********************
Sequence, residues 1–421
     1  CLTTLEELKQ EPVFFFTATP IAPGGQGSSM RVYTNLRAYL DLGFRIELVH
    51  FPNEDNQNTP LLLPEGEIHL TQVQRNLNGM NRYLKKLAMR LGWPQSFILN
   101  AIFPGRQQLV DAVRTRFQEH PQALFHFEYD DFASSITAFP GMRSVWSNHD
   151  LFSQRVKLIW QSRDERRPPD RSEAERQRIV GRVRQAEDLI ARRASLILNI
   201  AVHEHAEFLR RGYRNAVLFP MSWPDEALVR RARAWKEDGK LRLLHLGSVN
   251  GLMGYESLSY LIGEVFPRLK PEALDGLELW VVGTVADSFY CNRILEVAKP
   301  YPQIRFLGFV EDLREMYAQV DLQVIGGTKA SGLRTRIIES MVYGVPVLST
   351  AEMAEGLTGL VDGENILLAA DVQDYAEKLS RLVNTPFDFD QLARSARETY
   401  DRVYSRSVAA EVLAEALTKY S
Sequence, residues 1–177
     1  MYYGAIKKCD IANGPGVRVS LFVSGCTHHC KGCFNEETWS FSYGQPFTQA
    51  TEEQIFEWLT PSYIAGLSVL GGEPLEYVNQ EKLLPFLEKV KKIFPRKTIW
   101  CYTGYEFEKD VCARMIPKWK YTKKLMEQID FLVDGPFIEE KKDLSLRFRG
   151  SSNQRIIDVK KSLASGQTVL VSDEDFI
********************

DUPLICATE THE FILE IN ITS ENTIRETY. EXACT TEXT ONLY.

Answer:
Sequence, residues 1–421
     1  CLTTLEELKQ EPVFFFTATP IAPGGQGSSM RVYTNLRAYL DLGFRIELVH
    51  FPNEDNQNTP LLLPEGEIHL TQVQRNLNGM NRYLKKLAMR LGWPQSFILN
   101  AIFPGRQQLV DAVRTRFQEH PQALFHFEYD DFASSITAFP GMRSVWSNHD
   151  LFSQRVKLIW QSRDERRPPD RSEAERQRIV GRVRQAEDLI ARRASLILNI
   201  AVHEHAEFLR RGYRNAVLFP MSWPDEALVR RARAWKEDGK LRLLHLGSVN
   251  GLMGYESLSY LIGEVFPRLK PEALDGLELW VVGTVADSFY CNRILEVAKP
   301  YPQIRFLGFV EDLREMYAQV DLQVIGGTKA SGLRTRIIES MVYGVPVLST
   351  AEMAEGLTGL VDGENILLAA DVQDYAEKLS RLVNTPFDFD QLARSARETY
   401  DRVYSRSVAA EVLAEALTKY S
Sequence, residues 1–177
     1  MYYGAIKKCD IANGPGVRVS LFVSGCTHHC KGCFNEETWS FSYGQPFTQA
    51  TEEQIFEWLT PSYIAGLSVL GGEPLEYVNQ EKLLPFLEKV KKIFPRKTIW
   101  CYTGYEFEKD VCARMIPKWK YTKKLMEQID FLVDGPFIEE KKDLSLRFRG
   151  SSNQRIIDVK KSLASGQTVL VSDEDFI